When my older brother returned from the war in Vietnam, he was treated cruelly by some people, just like other returning veterans of that particular war were treated. It was a dark time in our history, with many people essentially taking out their frustrations about the war on the returning soldiers, most of whom didn’t want to be there in the first place. Then later, after he was discharged from the Army and let his hair grow, rode a Harley chopper, and generally looked the part of a rebel, he was viewed by some as one to be avoided. His stature probably contributed — he was a big guy and towered over most people. Plus, he could look menacing with little effort.
What wasn’t obvious to people looking at him from the outside was what a huge heart he had, how quick he was to help out, what a staunch defender he was of those who were downtrodden in any way, how much he was loved and respected by those who took the time to really know him, and what a capacity he had to love.
I was born several years after my parents thought they were done having children, so there was a nine-year gap between this brother and me. Out of my siblings, he was the one who fussed over me, who watched carefully over me, who was by my side in many of my childhood pictures. (Which is not to say that he never teased me — he managed plenty of that!) One of my most vivid memories was my mother jumping from the not-quite-stopped car to run and embrace him when he returned from the war.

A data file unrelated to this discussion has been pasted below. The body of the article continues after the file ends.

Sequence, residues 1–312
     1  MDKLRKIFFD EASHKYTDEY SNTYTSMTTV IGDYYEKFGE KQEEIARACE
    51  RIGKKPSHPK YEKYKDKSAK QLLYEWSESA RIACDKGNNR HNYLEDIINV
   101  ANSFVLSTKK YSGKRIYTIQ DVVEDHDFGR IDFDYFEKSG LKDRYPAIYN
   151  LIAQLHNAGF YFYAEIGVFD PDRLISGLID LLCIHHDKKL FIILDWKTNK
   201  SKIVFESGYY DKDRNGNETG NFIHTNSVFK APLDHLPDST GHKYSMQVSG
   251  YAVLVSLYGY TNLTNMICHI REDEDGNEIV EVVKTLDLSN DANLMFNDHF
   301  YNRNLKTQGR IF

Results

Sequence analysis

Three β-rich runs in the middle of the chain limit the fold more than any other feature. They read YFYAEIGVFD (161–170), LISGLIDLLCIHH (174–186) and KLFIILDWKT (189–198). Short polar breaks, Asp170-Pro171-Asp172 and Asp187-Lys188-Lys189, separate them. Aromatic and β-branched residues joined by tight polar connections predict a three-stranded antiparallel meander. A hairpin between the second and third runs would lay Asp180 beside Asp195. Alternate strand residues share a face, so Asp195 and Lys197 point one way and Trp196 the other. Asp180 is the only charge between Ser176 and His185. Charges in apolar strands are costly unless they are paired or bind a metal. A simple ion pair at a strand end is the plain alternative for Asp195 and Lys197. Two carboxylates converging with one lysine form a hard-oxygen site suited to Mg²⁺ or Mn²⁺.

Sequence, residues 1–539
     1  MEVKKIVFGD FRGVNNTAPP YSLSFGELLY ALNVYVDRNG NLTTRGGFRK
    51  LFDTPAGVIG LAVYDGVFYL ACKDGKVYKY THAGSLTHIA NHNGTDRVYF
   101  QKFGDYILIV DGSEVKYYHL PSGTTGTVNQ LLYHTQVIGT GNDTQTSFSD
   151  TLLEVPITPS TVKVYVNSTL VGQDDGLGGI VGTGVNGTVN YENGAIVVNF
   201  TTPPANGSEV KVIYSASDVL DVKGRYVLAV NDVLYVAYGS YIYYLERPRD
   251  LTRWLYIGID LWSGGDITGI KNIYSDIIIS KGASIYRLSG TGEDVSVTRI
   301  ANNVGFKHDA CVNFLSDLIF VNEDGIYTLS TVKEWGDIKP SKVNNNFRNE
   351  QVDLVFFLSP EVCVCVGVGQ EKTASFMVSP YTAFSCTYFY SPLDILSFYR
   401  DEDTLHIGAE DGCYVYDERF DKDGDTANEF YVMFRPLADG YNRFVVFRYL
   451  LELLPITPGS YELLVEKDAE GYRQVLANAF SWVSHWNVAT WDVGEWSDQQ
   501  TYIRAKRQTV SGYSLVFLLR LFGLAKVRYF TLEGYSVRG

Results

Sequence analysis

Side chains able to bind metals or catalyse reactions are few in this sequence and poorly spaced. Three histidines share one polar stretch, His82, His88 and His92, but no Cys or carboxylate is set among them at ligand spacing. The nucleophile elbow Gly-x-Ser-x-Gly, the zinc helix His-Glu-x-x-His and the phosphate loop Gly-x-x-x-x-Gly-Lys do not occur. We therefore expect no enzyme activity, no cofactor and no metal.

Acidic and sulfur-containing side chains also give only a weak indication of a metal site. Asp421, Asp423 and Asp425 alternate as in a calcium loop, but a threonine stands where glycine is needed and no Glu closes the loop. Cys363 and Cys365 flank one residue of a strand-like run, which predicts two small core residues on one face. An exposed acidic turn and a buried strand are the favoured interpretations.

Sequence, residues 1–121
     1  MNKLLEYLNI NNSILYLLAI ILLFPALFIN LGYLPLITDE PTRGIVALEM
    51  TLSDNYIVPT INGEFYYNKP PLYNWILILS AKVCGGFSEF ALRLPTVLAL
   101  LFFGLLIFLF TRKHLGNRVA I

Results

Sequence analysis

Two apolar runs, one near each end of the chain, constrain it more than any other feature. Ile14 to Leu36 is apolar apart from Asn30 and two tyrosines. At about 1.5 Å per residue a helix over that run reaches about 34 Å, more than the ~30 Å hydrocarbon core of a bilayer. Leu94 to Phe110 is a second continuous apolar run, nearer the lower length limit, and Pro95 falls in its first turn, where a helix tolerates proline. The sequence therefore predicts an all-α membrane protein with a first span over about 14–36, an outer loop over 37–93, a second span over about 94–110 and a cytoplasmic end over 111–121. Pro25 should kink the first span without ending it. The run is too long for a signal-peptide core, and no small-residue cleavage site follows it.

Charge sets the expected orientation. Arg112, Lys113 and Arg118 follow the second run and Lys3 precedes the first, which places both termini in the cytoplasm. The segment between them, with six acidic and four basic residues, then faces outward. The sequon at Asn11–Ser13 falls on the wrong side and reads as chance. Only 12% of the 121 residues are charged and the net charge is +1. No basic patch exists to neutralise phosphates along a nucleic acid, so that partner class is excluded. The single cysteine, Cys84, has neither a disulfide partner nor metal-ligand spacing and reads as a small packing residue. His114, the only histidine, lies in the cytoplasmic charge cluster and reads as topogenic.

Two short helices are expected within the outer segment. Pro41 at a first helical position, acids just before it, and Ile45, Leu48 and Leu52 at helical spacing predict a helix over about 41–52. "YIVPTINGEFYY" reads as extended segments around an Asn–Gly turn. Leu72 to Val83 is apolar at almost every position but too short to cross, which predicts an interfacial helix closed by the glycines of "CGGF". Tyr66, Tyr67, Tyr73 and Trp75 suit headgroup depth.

Can we always tell what a person is like by their outward appearance? I’m a perfect example of the fact that we can’t. I think I’m a very nice person, but my neutral face looks pretty grumpy. I know I need to smile more, but I also know we all need to look beyond what we can see. Perhaps there’s a friend to be made in the most unlikely of places.
My brother lost a quick battle with cancer recently, which is why I’ve been so reflective about these memories lately. In recent years when he wore his Vietnam Veteran hat out in public, people would frequently thank him for his service. When children would do it, he would get completely choked up. Four little words uttered by a young one — “Thank you for your service” — made up for some of the hurt he felt when he first returned.
Each of us is unique and worthy of respect. Even my brother, whether you could see it or not. May we all be more like those children who touched his heart. Find the good in others. Respect them as fellow humans. And above all, be kind.
You have a big heart to go with your love. So sorry for your loss.